Author: Chattopadhyay-S-K. Sherbeeni-M-M. Anokute-C-C.
Title: Planned vaginal delivery after two previous caesarean sections [see comments]
Source: Br-J-Obstet-Gynaecol. 1994 Jun. 101(6). P 498-500.
Comment: Comment in: Br-J-Obstet-Gynaecol. 1995 Mar. 102(3). P 262-3.

Abstract: OBJECTIVE: To determine the outcome of trial of labour after two caesarean sections. DESIGN: Prospective observational study. SETTING: Maternity and Children's Hospital, Riyadh, Saudi Arabia. SUBJECTS: Women with two previous caesarean sections considered suitable for a trial of vaginal delivery. MAIN OUTCOME MEASURES: The rates of vaginal delivery, scar dehiscence, uterine rupture and associated complications among 115 women with two previous sections who underwent trial of labour were compared with 1006 women with two previous sections who did not have a trial of labour. RESULTS: Trial of vaginal delivery was requested by 230 out of 1136 women (20%) who had two previous caesarean sections. Of the 115 women accepted for the trial, 103 (89%) were delivered vaginally. Labour started spontaneously in 78 (68%) of the 115 women and was induced with prostaglandin (PGE2) in the remaining 37. Augmentation of labour with oxytocin was required in 32 (28%) of the trial labour group. There were no scar dehiscences among the women delivered vaginally. There was one scar dehiscence and one woman required hysterectomy after failed trial of labour, a frequency comparable to the occurrence of these complications in women who did not have a trial of labour. CONCLUSION: A trial of labour in selected patients with two previous caesarean sections appears a reasonable option.

Author: Zheng-C-W. Hong-W. Lin-F-G.
Title: [Trial vaginal delivery for women with previous cesarean section]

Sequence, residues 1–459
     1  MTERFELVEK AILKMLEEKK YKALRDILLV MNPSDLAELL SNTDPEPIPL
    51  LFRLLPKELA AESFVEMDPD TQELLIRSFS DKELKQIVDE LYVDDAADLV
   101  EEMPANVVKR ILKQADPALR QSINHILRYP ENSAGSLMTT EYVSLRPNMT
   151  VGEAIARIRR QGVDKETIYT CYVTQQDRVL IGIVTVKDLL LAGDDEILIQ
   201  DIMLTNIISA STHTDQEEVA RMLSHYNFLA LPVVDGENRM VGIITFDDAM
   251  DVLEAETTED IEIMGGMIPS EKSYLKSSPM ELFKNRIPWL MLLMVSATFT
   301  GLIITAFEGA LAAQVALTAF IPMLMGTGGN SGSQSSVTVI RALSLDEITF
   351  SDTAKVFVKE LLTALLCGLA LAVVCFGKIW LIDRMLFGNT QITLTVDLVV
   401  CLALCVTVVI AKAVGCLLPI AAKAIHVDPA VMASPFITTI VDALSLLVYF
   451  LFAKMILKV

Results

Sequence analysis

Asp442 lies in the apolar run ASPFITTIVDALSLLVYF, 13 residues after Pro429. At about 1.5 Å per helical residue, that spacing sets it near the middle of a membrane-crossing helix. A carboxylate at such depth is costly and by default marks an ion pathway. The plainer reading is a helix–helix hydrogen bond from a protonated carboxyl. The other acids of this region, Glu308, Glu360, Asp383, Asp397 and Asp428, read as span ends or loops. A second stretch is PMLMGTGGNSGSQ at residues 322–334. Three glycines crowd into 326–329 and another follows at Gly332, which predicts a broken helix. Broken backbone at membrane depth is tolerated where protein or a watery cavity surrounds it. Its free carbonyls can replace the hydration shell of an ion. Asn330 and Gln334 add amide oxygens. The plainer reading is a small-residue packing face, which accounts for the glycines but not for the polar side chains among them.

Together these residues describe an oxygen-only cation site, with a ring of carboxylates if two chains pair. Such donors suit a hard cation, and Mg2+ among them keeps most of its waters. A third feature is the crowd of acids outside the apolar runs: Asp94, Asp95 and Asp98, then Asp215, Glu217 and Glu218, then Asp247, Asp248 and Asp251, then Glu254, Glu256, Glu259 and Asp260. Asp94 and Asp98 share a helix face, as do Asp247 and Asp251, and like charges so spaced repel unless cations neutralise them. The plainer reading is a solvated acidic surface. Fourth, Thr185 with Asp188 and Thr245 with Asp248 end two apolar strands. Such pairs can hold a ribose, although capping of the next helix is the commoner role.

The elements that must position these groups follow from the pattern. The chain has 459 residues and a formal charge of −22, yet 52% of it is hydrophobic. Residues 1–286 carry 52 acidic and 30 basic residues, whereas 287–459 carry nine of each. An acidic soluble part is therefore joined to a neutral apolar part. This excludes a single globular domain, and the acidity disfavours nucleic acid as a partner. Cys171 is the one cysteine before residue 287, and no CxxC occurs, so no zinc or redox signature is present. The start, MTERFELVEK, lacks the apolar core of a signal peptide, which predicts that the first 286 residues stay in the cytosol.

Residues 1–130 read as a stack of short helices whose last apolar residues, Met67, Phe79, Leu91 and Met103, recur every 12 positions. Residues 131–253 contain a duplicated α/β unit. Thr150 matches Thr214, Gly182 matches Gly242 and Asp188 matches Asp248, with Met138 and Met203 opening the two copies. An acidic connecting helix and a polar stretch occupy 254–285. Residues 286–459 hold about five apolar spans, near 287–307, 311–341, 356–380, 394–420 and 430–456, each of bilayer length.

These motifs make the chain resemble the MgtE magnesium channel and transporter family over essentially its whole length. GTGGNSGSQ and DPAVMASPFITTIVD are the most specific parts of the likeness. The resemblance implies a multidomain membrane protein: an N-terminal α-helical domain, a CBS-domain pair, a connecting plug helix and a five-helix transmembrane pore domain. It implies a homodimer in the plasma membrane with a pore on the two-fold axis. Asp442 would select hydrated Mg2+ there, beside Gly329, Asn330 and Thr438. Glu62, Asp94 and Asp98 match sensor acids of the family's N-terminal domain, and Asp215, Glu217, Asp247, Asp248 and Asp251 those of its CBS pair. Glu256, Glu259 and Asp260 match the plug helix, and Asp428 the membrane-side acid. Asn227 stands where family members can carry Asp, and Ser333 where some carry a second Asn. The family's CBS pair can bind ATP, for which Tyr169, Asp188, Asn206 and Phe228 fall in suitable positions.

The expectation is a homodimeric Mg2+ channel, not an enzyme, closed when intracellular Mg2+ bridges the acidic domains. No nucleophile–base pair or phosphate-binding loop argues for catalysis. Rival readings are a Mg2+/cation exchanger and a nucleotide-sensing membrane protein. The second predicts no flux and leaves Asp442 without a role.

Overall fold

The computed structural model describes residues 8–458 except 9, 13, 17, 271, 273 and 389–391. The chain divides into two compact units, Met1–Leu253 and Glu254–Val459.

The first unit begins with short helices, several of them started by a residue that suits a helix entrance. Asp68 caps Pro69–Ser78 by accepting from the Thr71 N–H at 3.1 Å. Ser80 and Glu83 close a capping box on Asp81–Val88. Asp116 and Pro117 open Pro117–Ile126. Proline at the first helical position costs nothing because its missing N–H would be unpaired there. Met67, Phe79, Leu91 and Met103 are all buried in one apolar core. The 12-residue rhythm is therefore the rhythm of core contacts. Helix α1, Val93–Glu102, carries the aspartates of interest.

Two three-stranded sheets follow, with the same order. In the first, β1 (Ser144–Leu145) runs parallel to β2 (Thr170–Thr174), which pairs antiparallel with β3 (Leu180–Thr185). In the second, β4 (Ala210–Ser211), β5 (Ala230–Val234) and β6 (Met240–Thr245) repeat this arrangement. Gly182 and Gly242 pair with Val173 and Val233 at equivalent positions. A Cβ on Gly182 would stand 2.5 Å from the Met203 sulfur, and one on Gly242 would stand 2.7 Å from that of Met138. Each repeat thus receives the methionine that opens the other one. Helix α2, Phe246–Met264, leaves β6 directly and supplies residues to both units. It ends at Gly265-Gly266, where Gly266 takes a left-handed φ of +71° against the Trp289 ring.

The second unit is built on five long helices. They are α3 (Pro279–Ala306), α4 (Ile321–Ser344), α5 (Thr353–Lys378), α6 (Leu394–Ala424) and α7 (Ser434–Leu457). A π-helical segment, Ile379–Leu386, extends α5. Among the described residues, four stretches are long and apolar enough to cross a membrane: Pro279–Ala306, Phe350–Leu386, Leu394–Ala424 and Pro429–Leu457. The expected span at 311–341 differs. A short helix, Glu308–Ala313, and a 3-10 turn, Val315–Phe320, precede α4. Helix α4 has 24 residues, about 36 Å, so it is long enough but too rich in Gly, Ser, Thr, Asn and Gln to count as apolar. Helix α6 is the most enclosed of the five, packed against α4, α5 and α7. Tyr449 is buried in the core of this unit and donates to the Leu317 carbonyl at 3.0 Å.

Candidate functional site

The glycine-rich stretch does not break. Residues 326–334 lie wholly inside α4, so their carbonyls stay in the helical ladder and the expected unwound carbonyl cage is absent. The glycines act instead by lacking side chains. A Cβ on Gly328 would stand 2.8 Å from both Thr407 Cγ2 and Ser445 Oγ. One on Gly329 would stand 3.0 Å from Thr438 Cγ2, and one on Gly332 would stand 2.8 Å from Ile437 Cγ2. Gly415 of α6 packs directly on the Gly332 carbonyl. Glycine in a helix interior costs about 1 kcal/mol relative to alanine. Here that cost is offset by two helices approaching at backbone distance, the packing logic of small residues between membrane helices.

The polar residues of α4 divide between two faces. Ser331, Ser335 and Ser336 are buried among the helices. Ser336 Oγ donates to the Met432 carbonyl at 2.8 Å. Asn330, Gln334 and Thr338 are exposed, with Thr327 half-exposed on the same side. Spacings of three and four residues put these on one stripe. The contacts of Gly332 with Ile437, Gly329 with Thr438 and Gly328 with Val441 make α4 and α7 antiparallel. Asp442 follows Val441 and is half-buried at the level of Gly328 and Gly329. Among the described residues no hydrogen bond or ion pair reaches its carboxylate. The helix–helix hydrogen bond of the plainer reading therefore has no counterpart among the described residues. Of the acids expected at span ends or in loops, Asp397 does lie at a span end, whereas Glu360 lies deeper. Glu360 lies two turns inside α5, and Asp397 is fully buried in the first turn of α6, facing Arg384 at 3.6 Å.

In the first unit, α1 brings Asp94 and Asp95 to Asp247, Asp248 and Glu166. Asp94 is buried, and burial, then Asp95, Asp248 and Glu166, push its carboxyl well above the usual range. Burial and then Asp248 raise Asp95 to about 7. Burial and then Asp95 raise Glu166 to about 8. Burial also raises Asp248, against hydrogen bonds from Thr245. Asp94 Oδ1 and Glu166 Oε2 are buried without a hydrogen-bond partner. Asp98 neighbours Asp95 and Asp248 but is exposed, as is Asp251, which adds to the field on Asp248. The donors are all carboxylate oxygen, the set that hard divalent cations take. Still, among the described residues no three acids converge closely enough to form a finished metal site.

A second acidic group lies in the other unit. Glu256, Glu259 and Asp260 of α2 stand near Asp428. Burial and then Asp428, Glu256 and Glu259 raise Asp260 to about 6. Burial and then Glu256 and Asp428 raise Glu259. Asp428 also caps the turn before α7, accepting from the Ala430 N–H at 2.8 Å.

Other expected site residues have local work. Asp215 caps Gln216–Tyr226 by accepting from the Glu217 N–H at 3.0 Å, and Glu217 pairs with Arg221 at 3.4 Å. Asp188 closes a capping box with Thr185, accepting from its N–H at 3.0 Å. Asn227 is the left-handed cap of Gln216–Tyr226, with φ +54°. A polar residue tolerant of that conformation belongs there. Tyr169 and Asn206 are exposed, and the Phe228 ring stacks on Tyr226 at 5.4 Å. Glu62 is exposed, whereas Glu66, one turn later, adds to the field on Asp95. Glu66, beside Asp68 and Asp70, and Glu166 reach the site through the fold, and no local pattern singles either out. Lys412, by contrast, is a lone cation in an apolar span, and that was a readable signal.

Source: Chung-Hua-Fu-Chan-Ko-Tsa-Chih. 1994 Aug. 29(8). P 456-7, 508.

Abstract: A retrospective analysis was made on 85 cases of trial labor after previous cesarean section (CS) and compared with 100 primiparous vaginal deliveries (as control) during the last 10 years. Oxytocin infusion has been used in 61 trial cases to induce and/or to accelerate labor, and valium, procaine and atropine administered during the labor process in 23 of them. 65 of the 85 cases (76.5%) successfully delivered through the vagina (VD group), while 20 cases (23.5%) had repeat CS following failure in trial labor (CS group), and 3 women had reatened uterine rupture. There was 1 neonatal death in the VD trial labor group. No obvious difference in the Apgar scores of newborns was found between the CS group and the controls, and the duration of the labor process was much shorter in the VD trial group than that in the primiparae (7.51 +/- 2.44 hrs vs. 9.10 +/- 3.75 hrs) (P < 0.01). This study indicated that following a previous uneventful transverse lower segment cesarean section, trial labor should be encouraged under supervision.